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Encephalitis is inflammation of the brain tissue. This stops the brain from working properly. It's a serious condition.
Encephalitis can happen in children of all ages, although it's fairly uncommon.
Encephalitis is a medical emergency and needs immediate treatment. If you think your child might have encephalitis, take him straight to the nearest hospital emergency department.
Causes of encephalitis
The most common cause of encephalitis is a viral infection. The virus that most commonly causes encephalitis is herpes simplex virus, which also causes cold sores. Other viral causes include enteroviruses and chickenpox, measles and glandular fever viruses.
Encephalitis can also be caused by a bacterial infection, but this is less common.
Sometimes encephalitis might happen because of autoimmune disease.
For some people, the cause of encephalitis is never found.
Encephalitis usually comes on very suddenly.
A child with encephalitis can:
- become sleepy
- be confused
- start acting strangely
- have sudden changes in her personality.
Sometimes, a child might complain of a severe headache, have a fever or have vomiting.
The illness can progress, causing symptoms like seizures, muscle weakness or paralysis. It might eventually lead to a coma.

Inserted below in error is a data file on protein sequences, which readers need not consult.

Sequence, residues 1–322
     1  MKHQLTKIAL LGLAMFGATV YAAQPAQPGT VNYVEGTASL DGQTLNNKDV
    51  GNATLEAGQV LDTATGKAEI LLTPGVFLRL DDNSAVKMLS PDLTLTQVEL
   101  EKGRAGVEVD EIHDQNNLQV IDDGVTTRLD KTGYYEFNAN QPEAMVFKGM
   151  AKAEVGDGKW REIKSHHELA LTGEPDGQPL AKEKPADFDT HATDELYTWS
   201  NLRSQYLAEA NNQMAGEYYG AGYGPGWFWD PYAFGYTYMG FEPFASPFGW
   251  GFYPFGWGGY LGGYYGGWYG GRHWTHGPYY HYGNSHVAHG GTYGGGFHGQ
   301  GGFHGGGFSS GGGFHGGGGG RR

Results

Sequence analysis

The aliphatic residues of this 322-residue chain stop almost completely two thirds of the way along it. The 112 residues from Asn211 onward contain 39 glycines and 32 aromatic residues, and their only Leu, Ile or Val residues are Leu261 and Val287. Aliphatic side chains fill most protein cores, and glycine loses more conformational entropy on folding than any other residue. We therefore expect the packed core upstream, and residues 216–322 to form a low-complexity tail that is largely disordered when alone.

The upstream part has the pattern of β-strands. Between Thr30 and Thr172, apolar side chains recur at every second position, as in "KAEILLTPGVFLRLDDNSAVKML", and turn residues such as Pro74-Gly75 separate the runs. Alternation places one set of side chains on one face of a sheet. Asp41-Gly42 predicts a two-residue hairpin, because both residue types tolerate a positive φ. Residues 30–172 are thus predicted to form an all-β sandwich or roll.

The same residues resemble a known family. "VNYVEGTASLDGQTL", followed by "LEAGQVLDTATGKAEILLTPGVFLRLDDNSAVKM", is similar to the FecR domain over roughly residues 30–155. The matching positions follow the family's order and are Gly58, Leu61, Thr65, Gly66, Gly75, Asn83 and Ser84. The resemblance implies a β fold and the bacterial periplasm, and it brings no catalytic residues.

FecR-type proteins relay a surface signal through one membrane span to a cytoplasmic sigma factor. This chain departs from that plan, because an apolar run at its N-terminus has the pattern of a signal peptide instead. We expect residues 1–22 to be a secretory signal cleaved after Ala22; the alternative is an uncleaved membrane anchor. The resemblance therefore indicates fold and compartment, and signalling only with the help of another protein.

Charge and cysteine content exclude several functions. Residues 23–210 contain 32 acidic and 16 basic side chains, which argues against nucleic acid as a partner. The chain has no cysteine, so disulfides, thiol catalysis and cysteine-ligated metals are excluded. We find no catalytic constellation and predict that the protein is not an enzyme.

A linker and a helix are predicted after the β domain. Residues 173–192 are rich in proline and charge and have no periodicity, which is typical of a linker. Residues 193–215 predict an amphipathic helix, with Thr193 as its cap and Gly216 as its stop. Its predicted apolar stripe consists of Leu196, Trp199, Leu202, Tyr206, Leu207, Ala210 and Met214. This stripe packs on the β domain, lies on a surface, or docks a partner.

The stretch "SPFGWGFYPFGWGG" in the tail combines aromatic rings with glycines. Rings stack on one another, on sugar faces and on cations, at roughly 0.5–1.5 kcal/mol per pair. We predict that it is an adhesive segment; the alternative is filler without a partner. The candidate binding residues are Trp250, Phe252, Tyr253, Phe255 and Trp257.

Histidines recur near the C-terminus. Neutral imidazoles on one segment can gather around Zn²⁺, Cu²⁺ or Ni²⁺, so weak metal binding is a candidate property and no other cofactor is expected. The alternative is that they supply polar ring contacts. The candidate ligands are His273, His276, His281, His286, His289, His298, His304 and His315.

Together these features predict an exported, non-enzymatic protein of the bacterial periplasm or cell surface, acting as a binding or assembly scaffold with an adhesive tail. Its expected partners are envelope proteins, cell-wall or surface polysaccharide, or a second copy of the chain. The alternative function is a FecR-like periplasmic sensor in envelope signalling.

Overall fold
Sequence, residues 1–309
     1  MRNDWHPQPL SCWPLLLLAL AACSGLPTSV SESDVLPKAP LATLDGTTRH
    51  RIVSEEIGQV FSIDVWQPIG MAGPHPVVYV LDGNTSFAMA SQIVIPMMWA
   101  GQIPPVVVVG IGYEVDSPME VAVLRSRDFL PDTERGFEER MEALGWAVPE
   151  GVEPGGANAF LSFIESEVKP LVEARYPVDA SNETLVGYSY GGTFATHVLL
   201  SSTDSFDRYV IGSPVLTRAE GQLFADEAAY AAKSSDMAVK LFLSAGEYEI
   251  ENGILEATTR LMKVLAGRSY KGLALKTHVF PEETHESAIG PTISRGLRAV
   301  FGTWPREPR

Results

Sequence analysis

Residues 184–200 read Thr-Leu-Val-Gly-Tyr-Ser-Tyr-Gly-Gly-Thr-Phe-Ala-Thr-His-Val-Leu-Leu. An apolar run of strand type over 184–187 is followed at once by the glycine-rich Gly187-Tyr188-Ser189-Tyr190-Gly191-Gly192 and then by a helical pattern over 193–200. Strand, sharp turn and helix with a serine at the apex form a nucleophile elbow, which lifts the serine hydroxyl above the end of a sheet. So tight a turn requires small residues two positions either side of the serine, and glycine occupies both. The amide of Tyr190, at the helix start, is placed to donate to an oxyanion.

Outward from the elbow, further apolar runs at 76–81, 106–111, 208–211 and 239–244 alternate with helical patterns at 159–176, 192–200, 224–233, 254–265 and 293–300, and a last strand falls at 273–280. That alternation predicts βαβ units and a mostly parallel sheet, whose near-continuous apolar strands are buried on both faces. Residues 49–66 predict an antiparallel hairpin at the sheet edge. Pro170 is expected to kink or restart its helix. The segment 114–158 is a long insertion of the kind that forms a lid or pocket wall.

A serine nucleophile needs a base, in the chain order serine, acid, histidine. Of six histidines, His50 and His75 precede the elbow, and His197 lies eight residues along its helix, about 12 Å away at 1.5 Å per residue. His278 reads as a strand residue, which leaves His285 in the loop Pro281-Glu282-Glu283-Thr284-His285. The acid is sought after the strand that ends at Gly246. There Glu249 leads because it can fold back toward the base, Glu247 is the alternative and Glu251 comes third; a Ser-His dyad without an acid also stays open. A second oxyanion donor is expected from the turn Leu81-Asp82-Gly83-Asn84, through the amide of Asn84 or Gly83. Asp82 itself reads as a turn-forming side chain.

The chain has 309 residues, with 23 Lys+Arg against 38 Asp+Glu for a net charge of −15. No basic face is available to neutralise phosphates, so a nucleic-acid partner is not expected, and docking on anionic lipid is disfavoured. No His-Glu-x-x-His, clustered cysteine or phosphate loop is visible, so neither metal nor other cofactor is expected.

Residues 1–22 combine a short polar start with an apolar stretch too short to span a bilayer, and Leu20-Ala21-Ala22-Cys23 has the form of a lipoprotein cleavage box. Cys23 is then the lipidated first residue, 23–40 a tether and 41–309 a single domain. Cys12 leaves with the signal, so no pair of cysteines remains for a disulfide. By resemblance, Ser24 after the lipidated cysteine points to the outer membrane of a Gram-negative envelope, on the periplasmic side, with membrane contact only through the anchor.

Does your child need to see a doctor about encephalitis?
Yes. Your child needs immediate medical attention.
Take your child to the emergency department straight away if your child:
- is generally unwell, confused, not responding normally or has a sudden change in personality
- has a viral illness like chickenpox, measles or glandular fever and starts to complain of severe headaches, or suddenly appears to be very drowsy or confused.
Tests for encephalitis
If doctors think there's a possibility of encephalitis, they'll do lots of tests to confirm your child's diagnosis and work out the cause of the inflammation.
Your child might have blood tests, a lumbar puncture or an MRI.
Treatment for encephalitis
If your child has encephalitis, he'll need to spend some time in hospital for close monitoring and care.
In hospital, your child might be given specific antiviral medications and antibiotics, which sometimes can help.
If the encephalitis is severe, especially in younger children, there's a risk of longer-term complications like muscle weakness or speech problems.
Prevention of encephalitis
Make sure that your child is up to date with all her immunisations. This will help protect her against some of the causes of encephalitis.